1111 said...

Everybody has an agenda. Read this

J said...

a sign on account is required to
read this article, please post a link to the full aritcle as only the first few sentences show up.



1111 said...

Take financial talking-heads with a grain of salt

By Mark Sellers

Published: April 5 2008 04:48 | Last updated: April 5 2008 04:48

Everyone acts in his or her self-interest. This is a key facet of humanity, and keeps our society moving forward.

Think about that the next time you make an investment decision. As an investor, it is in your interest for your portfolio to do as well as possible with the least risk possible. Unfortunately, this is not the goal of most of the people you may rely on for news and advice. There are conflicting incentives everywhere in the world of finance.
Mark Sellers: Take advantage when good companies come to market - Feb-23
Mark Sellers: Bearish signals could be good news for stocks - Jan-26
Mark Sellers: Rational investors rejoice - Dec-15
Mark Sellers: Investors, cast off your bonds - Nov-16
Mark Sellers: Dodge the sharks and keep yourself afloat - Sep-21
Mark Sellers: Irrational world of institutionalised money managers - Aug-24

This is something to keep in mind when you read the newspaper, watch CNBC, or manage your personal finances. Various stock market players have different incentives, none of which is necessarily in your best interest:

Government officials. An elected official’s primary motivation is to be re-elected. Voters don’t tend to re-elect politicians who let the stock market go down. So, government officials have large incentives to prop up markets to the greatest extent possible. Every time you hear an elected (or appointed) official talk about the market, you should take it with a huge grain of salt. These people only want to see stock prices go one way – up – because it’s in their best interest. But it’s not in your best interest unless you’re a short-term investor who only cares about the next year, not the next decade.

It’s not in your best interest because, to juice the markets, politicians like to pump massive amounts of money into the capital markets and bail out bankers who have made dumb decisions. This works in the short term but leads to moral hazard, excessive risk-taking by investors, and inflation – all long-term problems. As an elected official, though, you aren’t worried about long-term problems. You want to get re-elected. You’re worried about the next 12 months, not the next 12 years.

Financial advisers. Many advisers are paid on commission from mutual fund companies into whose funds they place client assets. If you use an adviser who is paid in this manner, watch out. You will be put into funds that are probably not the best choices, simply because the adviser has to earn a living. Since advisers don’t explicitly get paid based on performance, they have no incentive to put you into above-average funds.

You should work with “fee-only” advisers who are paid by the hour.

Stockbrokers. Brokers like you to trade a lot. Some are more unscrupulous than others. Enough said.

CNBC guests. When you see a so-called “expert” voluntarily appear on CNBC, for no payment, ask yourself why this person is appearing on television. The reason is that the person is acting in his own interest. For a money manager, that means generating business for his investment firm. A manager will go on TV and attempt to sound as intelligent as possible so viewers will think he’s smart, and invest in his fund. A second, more insidious reason a money manager might appear on TV is so he can pump his own stocks, thereby getting a short-term bounce in the share price – at which time he may be selling shares to you, the viewer. A third reason is vanity; people like seeing themselves on TV.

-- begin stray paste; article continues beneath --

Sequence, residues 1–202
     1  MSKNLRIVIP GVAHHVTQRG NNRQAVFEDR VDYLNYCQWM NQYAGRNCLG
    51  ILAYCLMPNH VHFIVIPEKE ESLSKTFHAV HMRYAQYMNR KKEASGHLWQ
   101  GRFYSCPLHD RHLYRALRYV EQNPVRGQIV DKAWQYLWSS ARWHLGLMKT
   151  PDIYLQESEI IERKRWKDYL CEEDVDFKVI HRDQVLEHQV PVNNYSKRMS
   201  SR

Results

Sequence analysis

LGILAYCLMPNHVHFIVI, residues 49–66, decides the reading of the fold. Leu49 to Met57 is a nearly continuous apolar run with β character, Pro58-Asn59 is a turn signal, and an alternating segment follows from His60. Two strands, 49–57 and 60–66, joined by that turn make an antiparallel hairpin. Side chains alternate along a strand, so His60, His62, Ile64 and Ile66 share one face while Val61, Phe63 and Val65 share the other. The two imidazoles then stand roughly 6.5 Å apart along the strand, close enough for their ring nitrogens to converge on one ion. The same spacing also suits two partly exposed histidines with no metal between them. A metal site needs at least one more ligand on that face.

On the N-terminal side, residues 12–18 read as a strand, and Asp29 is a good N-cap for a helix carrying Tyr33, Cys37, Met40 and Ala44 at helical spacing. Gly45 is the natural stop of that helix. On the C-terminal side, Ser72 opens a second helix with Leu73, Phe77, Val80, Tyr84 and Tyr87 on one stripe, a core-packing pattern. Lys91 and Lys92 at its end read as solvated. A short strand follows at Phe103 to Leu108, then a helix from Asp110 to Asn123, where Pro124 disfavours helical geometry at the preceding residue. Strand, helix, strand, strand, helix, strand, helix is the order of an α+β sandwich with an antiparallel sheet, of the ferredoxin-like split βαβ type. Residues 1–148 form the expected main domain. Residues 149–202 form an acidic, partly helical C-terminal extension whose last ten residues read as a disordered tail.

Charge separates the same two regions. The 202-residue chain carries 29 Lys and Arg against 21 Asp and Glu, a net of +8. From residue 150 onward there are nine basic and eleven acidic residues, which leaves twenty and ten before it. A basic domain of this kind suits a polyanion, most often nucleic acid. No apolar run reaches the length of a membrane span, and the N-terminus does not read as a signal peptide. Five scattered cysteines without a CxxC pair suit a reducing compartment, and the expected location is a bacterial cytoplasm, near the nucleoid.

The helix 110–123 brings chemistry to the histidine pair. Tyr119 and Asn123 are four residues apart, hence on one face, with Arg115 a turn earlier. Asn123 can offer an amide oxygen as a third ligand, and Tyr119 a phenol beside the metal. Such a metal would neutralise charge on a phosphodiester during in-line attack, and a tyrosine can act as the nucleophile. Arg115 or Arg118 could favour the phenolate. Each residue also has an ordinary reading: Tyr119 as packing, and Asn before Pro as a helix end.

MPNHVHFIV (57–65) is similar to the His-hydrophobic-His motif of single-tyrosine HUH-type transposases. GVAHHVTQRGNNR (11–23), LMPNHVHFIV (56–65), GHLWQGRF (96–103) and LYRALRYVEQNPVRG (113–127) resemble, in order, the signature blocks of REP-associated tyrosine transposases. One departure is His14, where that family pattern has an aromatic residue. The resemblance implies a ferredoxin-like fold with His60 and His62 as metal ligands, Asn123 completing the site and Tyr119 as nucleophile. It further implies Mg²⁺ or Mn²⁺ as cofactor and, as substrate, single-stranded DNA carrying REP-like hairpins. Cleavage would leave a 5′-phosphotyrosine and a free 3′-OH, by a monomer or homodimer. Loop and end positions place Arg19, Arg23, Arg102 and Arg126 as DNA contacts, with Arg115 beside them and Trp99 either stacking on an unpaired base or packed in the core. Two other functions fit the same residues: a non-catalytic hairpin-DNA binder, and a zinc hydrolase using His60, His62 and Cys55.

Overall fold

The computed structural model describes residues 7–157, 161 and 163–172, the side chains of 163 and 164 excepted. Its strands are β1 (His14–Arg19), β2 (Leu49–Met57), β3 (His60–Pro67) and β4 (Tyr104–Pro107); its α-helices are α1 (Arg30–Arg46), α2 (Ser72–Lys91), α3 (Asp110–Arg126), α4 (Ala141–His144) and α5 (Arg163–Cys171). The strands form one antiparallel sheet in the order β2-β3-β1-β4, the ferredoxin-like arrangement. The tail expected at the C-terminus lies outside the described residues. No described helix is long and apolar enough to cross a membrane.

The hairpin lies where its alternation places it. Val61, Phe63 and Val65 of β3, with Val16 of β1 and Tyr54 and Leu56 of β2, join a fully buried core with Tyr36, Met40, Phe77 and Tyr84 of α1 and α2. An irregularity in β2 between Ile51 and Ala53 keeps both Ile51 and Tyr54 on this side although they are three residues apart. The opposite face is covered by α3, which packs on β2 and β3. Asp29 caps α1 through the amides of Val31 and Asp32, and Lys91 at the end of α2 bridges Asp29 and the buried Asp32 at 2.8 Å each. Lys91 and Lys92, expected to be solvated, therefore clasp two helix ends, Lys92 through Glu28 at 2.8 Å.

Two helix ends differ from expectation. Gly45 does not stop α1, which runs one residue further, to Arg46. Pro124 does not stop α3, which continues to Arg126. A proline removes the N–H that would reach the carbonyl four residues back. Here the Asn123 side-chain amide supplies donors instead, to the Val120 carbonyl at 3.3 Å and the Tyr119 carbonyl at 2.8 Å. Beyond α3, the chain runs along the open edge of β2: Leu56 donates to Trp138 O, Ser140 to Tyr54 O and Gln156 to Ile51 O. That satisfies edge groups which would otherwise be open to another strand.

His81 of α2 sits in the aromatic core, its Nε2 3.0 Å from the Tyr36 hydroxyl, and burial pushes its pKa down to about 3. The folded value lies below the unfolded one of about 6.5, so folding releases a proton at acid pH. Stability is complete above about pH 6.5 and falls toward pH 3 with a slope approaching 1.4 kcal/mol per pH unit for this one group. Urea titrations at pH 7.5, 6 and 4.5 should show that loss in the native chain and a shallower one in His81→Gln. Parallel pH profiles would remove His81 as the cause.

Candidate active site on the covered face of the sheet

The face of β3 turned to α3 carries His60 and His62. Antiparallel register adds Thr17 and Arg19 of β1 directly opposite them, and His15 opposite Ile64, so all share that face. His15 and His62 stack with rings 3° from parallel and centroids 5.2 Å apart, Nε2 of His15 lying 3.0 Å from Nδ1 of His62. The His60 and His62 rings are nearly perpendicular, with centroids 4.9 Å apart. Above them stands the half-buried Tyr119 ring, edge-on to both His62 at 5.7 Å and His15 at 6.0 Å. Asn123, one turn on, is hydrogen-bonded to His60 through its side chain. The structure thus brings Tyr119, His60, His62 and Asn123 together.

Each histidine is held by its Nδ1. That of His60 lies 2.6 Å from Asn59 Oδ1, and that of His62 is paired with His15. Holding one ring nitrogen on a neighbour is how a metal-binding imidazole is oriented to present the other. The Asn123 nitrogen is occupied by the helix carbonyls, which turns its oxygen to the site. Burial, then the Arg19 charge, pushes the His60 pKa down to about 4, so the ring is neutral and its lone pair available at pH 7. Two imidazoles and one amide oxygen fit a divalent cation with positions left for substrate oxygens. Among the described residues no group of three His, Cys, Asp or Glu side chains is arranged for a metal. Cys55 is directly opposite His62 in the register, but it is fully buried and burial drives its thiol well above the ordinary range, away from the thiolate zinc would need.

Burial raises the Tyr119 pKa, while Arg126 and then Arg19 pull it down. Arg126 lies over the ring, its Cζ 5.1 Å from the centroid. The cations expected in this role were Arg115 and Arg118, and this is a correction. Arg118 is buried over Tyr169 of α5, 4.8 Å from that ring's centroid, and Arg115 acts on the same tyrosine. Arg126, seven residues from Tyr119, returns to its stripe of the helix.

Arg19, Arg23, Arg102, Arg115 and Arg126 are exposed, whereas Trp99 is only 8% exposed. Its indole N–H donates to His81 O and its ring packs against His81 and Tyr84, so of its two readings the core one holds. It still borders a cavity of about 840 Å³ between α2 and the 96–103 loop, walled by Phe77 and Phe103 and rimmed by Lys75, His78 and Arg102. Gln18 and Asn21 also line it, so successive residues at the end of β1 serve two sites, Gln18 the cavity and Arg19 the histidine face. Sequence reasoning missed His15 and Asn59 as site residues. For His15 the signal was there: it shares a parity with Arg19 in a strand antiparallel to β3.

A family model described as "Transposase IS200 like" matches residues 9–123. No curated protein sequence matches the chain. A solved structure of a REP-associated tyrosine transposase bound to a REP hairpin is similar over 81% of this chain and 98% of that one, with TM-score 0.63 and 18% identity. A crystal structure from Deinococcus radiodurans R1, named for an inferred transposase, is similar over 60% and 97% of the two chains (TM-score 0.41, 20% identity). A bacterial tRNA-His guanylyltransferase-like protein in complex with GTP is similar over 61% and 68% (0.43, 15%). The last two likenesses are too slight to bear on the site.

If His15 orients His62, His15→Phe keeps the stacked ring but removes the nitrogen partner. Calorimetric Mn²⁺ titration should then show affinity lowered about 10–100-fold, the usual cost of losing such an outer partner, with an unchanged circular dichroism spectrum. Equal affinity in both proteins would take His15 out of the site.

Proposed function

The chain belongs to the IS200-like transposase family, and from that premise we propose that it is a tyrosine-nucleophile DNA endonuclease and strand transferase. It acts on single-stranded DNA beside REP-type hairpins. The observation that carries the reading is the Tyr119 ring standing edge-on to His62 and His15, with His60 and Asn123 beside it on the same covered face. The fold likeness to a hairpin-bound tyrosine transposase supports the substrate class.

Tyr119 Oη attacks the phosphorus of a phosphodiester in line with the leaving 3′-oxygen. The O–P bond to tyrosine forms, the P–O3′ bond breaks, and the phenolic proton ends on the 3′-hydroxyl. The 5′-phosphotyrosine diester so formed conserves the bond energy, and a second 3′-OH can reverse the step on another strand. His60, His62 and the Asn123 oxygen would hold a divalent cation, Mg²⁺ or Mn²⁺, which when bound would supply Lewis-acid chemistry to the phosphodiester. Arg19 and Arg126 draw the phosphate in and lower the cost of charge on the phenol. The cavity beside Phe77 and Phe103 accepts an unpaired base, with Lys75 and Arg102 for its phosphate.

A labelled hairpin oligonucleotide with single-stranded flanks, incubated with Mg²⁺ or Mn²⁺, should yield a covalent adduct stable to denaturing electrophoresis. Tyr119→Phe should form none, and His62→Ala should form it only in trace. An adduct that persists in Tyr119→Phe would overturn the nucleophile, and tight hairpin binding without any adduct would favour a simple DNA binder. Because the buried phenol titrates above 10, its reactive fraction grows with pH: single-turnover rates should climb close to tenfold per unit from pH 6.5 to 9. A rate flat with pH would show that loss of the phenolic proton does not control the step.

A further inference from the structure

Financial news media. If you work for a financial broadcaster such as CNBC, you want the market to go up. This is because, in bull markets, more people are interested in stocks, so ratings are higher. The financial news media have an inherent bias toward bullishness because their executives know this is good for business. A subtle push from the top can taint the coverage of an entire news organisation.

Investment newsletters. Good investment ideas don’t happen on a schedule, and may not last long. But that doesn’t matter to newsletters; they require a certain number of investment ideas to write about every week. You can see the incentive for them occasionally to publish stale, or inferior ideas, that fill space. So my advice would be not to take newsletter stock recommendations too seriously.

Wall Street analysts. Don’t believe anything you hear from a stock analyst. Most are honest and competent, and some aren’t, but you don’t know which are which. Gather your own data, make your own decisions. If you are incapable of doing that, either use a service free of conflicts of interest such as or Value Line, or don’t invest directly in the stock market.

Hedge fund managers turned journalists. The reasons for a hedge fund manager to write for a newspaper such as the Financial Times are the same as those for a money manager who appears on CNBC, with the added possible reason that maybe the manager enjoys writing once in a while.

And that’s partially the case with me. But after writing for this publication for two years, I have decided that I no longer want to write in a public forum for non-clients because it’s not in my best interest to do so. I’m not trying to raise capital, I don’t feel comfortable appearing to be pumping up my own stocks, and I have no desire for fame or to see my name in print any more. So this will be my last article. Thanks to all of you who have read my columns and written to me.

The writer is a former equities strategist at Morningstar who manages a hedge fund, Sellers Capital, in Chicago